Each winter, a small team of specialist avalanche forecasters begin their vigil to keep people safe while travelling on the Milford Road.
The alpine highway to Milford Sound is home to the country's only public road avalanche programme.
Watch the video of a day with NZ's only public road avalanche inspectors
Waka Kotahi's Milford Rd Alliance manager Kevin Thompson said most people remained unaware avalanches were so active in Fiordland.
"Many people will visit on a fine sunny day that might be in spring or autumn and they're wondering why we are restricting the road or it's closed. There's no snow on the road," he said.
"But snow for us is not always on the road, snow for us is up in the avalanche zones which you can't see from the main road so it's a hazard that people can't see. Unless they know it's there, they don't really know the hazard."
The avalanche programme has a team of five to six people who monitor and manage a roughly 15 kilometre stretch of road in the avalanches zone.
Alpine supervisor Scott Redwood who is in charge of the programme's operations said technicians needed to have 15 to 20 winters' experience to get the job.
Their aim is to keep the people safe and the road open as much as possible during the avalanche season.
In the week RNZ travelled to Fiordland, the region had been hit with heavy rain and snow warnings, and a very limited weather window of a few hours.
Weather station provides vital data
But before the wind picked up and with darkened clouds on the horizon, helicopter pilot 'Snow' flew up to Mt Belle weather station perched 1600 metres in the mountain towering over the operations centre within sight of the Homer Saddle and tunnel.
It measures and records data including temperatures, wind speed and direction with a mounted camera so forecasters can get a view of the snowpack.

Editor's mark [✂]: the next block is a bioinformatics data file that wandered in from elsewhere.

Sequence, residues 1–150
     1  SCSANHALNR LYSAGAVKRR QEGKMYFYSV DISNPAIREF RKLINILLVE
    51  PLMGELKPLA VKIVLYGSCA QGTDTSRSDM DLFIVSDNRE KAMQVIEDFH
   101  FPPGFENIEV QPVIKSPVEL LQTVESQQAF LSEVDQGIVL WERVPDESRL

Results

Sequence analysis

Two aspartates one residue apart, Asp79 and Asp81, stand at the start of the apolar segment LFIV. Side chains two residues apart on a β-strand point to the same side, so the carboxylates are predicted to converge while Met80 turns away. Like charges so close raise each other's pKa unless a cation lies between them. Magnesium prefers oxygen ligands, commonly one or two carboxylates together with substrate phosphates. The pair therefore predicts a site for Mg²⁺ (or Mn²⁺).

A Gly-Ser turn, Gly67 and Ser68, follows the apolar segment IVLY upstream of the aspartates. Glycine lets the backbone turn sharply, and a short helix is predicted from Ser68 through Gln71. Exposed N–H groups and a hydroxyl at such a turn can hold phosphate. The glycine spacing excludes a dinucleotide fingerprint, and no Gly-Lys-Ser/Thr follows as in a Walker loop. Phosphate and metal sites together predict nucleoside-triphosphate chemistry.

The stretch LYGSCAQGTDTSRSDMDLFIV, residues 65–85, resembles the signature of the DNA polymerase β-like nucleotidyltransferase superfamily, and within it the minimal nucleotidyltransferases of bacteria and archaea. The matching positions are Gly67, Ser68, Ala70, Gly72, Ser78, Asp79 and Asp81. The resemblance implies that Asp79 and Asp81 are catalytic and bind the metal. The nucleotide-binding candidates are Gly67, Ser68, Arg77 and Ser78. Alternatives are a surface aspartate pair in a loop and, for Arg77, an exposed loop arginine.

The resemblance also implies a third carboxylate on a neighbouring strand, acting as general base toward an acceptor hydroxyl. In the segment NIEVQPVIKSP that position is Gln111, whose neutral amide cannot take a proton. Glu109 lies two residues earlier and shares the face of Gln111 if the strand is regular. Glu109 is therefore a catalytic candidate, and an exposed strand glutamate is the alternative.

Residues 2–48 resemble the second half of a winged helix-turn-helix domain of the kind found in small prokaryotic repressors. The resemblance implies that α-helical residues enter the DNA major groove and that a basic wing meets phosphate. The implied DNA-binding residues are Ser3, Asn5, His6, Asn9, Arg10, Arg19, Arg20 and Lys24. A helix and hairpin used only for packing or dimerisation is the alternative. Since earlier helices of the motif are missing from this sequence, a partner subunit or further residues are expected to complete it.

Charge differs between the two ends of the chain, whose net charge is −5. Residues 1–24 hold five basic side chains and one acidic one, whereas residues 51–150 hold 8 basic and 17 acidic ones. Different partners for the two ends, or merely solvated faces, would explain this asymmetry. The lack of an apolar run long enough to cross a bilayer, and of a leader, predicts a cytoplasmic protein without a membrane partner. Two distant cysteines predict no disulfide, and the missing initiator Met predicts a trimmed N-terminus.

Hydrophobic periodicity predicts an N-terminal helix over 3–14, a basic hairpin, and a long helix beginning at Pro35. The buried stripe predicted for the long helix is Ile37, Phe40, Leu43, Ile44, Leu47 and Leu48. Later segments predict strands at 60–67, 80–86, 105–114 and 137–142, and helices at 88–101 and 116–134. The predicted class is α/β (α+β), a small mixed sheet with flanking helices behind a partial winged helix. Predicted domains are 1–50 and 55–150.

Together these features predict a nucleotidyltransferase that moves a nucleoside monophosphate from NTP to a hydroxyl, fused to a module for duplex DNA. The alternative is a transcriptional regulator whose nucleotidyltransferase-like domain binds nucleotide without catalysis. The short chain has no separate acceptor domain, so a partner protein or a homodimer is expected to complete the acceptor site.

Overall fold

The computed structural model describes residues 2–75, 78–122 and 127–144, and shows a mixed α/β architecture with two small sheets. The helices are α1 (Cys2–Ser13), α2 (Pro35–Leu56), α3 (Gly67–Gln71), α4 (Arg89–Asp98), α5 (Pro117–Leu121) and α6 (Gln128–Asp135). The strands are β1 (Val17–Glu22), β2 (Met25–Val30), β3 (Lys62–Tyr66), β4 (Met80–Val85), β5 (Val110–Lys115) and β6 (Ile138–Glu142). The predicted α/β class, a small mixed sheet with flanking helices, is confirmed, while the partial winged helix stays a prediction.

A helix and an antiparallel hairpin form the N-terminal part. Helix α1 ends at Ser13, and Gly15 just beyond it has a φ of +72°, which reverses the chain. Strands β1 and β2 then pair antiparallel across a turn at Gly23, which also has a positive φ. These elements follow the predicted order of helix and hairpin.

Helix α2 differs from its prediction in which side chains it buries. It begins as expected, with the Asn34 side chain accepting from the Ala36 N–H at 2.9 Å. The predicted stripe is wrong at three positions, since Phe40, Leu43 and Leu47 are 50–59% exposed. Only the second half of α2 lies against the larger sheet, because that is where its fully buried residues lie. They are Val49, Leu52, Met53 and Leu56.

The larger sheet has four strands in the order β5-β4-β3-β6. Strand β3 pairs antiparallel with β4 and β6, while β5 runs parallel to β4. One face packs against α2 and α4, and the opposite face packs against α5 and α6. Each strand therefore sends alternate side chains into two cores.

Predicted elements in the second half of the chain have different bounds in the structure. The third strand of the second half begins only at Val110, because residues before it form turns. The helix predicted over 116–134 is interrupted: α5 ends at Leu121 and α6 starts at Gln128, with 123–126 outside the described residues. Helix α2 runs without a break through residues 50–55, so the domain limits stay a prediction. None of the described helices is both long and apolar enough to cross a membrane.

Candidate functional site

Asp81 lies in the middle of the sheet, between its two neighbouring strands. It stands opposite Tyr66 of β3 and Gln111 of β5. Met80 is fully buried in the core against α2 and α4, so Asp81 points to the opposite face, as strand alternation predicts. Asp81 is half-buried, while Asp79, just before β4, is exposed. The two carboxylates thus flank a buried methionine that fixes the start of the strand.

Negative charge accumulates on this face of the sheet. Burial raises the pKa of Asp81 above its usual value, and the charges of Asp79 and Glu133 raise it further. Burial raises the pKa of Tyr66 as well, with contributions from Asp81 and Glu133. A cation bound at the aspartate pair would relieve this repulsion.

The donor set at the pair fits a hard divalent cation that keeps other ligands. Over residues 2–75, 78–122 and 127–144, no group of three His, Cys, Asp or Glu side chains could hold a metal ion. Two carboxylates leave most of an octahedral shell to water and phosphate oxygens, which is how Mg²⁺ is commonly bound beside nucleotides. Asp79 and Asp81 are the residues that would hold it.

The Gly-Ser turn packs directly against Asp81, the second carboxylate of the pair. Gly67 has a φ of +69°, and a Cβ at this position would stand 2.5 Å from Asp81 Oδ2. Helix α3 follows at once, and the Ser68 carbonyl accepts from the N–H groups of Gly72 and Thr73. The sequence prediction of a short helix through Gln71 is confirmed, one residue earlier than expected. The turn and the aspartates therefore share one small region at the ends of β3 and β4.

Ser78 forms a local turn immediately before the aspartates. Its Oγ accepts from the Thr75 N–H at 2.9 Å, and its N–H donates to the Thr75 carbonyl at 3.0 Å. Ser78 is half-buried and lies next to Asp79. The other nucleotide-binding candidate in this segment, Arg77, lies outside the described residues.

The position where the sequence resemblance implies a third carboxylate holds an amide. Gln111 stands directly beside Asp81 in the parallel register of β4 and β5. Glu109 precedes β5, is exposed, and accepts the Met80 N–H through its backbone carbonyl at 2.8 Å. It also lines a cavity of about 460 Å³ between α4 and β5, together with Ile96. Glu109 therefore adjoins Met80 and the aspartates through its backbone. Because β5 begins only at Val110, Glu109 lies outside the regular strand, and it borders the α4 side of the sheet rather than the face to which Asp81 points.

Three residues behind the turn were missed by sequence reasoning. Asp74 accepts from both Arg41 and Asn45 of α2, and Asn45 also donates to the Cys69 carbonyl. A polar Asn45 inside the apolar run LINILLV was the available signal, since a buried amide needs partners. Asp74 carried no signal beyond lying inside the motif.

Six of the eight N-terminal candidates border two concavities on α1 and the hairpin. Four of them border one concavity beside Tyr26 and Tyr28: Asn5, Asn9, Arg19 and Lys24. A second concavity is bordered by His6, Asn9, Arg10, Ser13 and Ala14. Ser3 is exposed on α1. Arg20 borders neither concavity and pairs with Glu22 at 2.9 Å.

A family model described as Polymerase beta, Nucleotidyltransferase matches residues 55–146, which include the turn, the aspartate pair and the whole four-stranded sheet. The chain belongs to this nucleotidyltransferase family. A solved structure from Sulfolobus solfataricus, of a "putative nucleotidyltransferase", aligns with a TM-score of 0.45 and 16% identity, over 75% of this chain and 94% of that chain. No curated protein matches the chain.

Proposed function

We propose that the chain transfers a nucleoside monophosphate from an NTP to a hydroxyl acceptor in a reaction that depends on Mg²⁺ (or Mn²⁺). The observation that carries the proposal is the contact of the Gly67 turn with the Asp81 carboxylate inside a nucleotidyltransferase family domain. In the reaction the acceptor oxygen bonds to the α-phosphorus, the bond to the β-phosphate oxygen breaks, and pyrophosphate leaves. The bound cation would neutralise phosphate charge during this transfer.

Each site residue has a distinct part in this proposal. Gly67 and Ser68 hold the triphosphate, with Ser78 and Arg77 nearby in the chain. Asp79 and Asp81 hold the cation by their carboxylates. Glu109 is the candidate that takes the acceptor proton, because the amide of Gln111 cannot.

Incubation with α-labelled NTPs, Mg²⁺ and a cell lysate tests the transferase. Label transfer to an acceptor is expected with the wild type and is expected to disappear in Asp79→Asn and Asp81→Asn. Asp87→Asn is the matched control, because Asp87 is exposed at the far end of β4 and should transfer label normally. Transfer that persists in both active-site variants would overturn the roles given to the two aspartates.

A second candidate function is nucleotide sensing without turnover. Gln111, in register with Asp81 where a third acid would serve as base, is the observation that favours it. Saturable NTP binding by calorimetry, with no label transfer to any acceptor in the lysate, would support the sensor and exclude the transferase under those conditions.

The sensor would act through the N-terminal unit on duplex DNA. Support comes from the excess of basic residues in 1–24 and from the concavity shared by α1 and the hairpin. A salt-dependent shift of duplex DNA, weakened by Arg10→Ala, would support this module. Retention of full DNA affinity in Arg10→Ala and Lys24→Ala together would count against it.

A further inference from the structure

Twenty centimetres of snowfall can triple or quadruple if wind moves the snow around and creates pockets of dense - often sensitive - snowpack that forecasters need to keep an eye on.
Walking around in minus six degrees with wind chill and dark clouds slowly moving in, Scott Redwood said the weather stations in the area were critical to forecasting as on-the-ground access could be impossible.
"We can log in anywhere, turn it around, zoom in, zoom out, get a bit of a feel for what's going on in the area with certain things in our start zones that we zoom in and look at - snow poles," Redwood said.
"We're watching the snowpack because it's not like a ski field, you can get your feet in the snow every day. A lot of times you can't fly here in a heli, the weather doesn't let you. It becomes a remote forecasting operation."
It's a long day for forecasters who start about 6am and can be on until 7-8pm at night to provide the two avalanche forecasts for the day - signed off by two forecasters and a manager - and continually monitor the conditions and the data provided by weather stations around the area.
"Without these, we'd be dead in the water. We'd be guessing, and it's not a very good game to guess in. You've got to have good hard data and it's got to be reliable."
The Milford avalanche programme uses lysimeters - specialised equipment that measures how much water is seeping through snow.